A common requirement in SharePoint 2010 and SharePoint 2007 developments is having somewhere to save your configuration data. Maybe you need to persist a SQL connection string, maybe you need to save the URL of your accounts system web service or perhaps you want to store settings for your web part that in some way alters the behaviour of your application.
SharePoint offers you many ways of doing this, and each has their merits. In this blog posting – the first in a series – we’ll be looking at persisting configuration data using web.config files.
Persistence Using Web.Config
This is a natural choice for ASP.NET developers. We tend to think in terms of config files when it comes to saving settings for our web-based applications.
Web.config files are also perfectly valid places to store this kind of data in SharePoint, but there are some gotchas.
Gotcha #1: When you make a change to a web.config file, it causes the app domain within the ASP.NET application pool to be recycled for that IIS application root. Any others that share the application pool will also get the rug pulled from under them – you’re effectively doing an IISRESET (albeit only on sites in your app pool), which causes an outage for several seconds, and forces ASP.NET to do a recompile next page load.
Gotcha #2: When you add a new web front end server to your SharePoint farm, it will lose settings that were manually keyed into the web.config on other servers. This is because of the Microsoft SharePoint Foundation Web Application service – the service in charge of keeping IIS in sync across your farm – can only restore web.config changes that it knows about.
Gotcha #3: In a multi-server farm, any changes you make to web.config on one of your web front end servers must be replicated across all web front end servers.
Gotcha #4: If you have extended your Web Application into other Zones, IIS will create multiple sites to host each Zone. Each IIS site will have its own web.config file for you to keep up to date.
So, how do we avoid these problems? Well, we can’t avoid Gotcha #1. It’s how .NET works. Any web.config changes trigger app pool recycling. But we can avoid Gotcha #2, #3 and #4.
The SPWebConfigModification Class
We can automate additions to, and removals from, the web.config file using the SPWebConfigModification class. It’s a SharePoint utility class that allows us to queue up changes to web.config, and then apply them asynchronously at SharePoint’s leisure, across each IIS site for your Web Application, and each server in your farm.
The most important benefit of doing this is that when I add a new server to my farm or otherwise have to restart the Microsoft SharePoint Foundation Web Application service, I’m guaranteed that all my web.config modifications will be applied to the server.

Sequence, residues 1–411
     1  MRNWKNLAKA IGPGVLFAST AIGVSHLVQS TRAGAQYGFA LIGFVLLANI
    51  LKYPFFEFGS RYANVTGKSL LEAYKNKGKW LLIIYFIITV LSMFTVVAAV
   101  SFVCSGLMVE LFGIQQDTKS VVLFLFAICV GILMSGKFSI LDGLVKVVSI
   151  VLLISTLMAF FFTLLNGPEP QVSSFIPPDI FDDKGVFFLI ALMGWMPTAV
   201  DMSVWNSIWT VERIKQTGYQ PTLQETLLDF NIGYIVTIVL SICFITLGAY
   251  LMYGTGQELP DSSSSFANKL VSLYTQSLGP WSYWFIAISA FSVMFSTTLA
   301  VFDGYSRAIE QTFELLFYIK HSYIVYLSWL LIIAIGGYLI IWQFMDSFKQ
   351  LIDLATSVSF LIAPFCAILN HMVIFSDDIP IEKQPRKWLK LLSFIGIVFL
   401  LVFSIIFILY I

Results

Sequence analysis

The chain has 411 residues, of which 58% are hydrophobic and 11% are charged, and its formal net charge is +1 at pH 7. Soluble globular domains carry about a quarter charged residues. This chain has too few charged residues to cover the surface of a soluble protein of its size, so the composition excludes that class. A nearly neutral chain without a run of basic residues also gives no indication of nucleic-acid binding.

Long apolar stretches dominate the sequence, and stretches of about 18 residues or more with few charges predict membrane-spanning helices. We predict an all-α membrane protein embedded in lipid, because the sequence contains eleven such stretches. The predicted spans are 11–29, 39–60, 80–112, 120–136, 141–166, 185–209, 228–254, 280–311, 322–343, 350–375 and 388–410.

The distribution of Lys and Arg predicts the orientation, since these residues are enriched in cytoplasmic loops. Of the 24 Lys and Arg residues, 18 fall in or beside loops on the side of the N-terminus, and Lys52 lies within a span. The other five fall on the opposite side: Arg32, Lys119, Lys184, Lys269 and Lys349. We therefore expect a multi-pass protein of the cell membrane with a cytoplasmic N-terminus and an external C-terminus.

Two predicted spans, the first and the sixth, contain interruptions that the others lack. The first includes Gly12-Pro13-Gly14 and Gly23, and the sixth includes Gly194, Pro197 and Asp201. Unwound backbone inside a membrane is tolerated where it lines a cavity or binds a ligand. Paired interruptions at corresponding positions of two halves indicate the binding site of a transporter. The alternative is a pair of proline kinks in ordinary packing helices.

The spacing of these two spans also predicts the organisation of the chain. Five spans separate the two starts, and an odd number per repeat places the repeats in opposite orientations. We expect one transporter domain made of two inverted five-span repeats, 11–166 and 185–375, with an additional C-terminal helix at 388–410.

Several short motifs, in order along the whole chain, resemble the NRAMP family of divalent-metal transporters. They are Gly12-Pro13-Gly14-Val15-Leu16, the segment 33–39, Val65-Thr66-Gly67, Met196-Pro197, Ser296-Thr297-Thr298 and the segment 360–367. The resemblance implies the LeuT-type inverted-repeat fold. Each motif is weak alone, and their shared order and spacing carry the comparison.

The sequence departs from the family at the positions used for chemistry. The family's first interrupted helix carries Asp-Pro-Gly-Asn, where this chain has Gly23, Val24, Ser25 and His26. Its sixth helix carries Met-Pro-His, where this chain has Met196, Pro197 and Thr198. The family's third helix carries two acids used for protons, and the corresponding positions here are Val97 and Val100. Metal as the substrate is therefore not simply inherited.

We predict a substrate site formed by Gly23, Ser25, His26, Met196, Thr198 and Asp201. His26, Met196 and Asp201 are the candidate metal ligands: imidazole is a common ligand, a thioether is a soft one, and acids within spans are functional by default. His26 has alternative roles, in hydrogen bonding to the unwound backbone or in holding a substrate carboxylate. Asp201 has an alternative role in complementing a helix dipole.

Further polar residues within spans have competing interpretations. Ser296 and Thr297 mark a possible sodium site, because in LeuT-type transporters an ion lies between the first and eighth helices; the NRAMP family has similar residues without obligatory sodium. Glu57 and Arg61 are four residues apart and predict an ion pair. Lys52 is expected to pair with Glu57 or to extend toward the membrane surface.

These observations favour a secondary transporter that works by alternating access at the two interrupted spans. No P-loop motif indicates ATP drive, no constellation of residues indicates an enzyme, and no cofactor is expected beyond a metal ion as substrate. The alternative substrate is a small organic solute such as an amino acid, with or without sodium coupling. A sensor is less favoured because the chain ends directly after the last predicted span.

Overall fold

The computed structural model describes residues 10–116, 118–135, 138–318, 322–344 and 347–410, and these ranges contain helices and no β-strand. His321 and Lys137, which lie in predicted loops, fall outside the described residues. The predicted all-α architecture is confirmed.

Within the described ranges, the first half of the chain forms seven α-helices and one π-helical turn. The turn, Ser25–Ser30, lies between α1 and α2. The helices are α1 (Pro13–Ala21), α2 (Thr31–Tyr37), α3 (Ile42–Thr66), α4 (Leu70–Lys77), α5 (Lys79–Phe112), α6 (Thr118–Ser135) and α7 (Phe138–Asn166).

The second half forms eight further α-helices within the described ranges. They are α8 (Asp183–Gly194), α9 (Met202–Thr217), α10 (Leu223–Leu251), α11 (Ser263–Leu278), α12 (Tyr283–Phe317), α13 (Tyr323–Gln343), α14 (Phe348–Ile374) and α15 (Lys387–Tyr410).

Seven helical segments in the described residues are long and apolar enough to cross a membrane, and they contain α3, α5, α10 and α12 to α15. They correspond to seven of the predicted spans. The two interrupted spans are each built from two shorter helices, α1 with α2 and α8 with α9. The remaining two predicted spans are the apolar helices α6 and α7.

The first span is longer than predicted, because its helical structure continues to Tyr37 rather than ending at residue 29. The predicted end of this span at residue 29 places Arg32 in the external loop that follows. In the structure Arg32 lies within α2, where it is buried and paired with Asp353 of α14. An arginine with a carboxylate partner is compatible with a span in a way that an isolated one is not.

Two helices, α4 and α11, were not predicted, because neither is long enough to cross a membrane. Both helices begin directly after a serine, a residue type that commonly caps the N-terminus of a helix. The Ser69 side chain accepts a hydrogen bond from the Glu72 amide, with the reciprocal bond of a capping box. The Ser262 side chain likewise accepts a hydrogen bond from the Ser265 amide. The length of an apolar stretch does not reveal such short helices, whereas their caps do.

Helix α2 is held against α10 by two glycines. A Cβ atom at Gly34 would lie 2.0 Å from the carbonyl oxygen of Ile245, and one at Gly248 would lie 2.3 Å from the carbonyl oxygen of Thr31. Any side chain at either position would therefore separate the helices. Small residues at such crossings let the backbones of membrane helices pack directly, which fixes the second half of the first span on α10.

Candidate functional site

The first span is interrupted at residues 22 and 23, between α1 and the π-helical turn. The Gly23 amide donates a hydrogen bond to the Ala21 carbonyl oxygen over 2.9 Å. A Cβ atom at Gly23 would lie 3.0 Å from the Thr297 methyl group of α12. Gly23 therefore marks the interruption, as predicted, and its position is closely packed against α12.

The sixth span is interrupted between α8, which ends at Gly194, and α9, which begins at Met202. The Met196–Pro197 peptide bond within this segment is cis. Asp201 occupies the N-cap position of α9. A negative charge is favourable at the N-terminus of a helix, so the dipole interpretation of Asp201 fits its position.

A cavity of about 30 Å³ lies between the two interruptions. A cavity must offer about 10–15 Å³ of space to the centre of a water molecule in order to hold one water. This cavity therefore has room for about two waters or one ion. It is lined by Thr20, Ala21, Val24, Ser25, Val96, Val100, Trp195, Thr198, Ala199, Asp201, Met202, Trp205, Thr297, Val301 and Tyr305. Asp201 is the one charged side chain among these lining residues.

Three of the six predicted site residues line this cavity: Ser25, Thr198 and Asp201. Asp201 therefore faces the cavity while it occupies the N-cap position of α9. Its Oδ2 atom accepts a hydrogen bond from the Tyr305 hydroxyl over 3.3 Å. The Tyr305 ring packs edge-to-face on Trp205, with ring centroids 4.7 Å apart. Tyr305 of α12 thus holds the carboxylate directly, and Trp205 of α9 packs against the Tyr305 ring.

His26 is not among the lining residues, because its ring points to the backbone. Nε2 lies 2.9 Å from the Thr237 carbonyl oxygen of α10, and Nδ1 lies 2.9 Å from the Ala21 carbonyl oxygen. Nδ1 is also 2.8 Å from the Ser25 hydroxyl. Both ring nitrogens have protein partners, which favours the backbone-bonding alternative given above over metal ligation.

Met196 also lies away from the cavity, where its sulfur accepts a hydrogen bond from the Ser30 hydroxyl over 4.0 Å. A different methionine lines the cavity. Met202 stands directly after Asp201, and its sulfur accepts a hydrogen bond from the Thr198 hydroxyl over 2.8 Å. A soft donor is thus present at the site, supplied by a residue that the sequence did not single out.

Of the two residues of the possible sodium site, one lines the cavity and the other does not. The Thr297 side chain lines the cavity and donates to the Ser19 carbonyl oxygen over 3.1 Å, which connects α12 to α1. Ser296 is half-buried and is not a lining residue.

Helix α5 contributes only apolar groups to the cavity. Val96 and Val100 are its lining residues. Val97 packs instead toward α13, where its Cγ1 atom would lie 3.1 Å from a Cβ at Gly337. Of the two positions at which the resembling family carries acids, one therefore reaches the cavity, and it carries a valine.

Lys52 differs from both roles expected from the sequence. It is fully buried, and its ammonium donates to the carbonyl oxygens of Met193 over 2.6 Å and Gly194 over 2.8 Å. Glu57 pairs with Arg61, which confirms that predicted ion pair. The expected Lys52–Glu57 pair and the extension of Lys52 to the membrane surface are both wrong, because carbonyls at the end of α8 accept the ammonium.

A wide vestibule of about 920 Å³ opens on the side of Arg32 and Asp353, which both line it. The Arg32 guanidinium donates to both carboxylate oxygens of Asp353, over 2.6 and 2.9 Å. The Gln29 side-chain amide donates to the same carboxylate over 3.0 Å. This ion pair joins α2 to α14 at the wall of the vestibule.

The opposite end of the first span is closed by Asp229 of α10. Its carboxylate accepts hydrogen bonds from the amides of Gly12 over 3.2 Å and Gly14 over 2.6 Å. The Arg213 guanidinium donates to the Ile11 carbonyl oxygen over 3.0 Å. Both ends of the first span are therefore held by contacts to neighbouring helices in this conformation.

To use the SPWebConfigModification class, you create an instance of it and set the XPath expression to the target node in web.config you’re editing, then the name of the attribute or node to add, and lastly set the value we want to update.
Then it’s a simple matter of passing your SPWebConfigModification object to the Add()method of the WebConfigModifications collection on your target SPWebService (e.g. SPWebService.ContentService).
To write your changes to the batch, invoke Update() on your SPWebService. but note that nothing will happen until you call ApplyWebConfigModifications().
The code bellow shows the steps to add a new appSetting block to your web.config, adding a key called “mySetting” with the value “http://joelblogs.co.uk”:
If you want to read this value later in your code, say for example in a WebPart, then you can use the ConfigurationManager.AppSettings collection to access configuration settings in the current web.config.
The code below shows retrieving the value of the “mySetting” key from the appSettings block of your web.config:
This technique allows you to keep your web.config files in sync, and backed up. Each time SharePoint makes a change to your web.config files, it will create a backup with a time-stamped name in the same folder. It will also ensure that any servers you add, or Zones into which you extend your Web Application, will get the correct web.config entries.
There are reports that SPWebConfigModification can be flaky. It certainly had issues in SharePoint 2007; use of SPWebModification inside FeatureReceivers is discouraged as sometimes these can go awry. For use elsewhere, make sure the user running the code has administrative permissions to be able to edit the web.config files in the first place.
For more information, have a look at the MSDN article on SPWebConfigModification.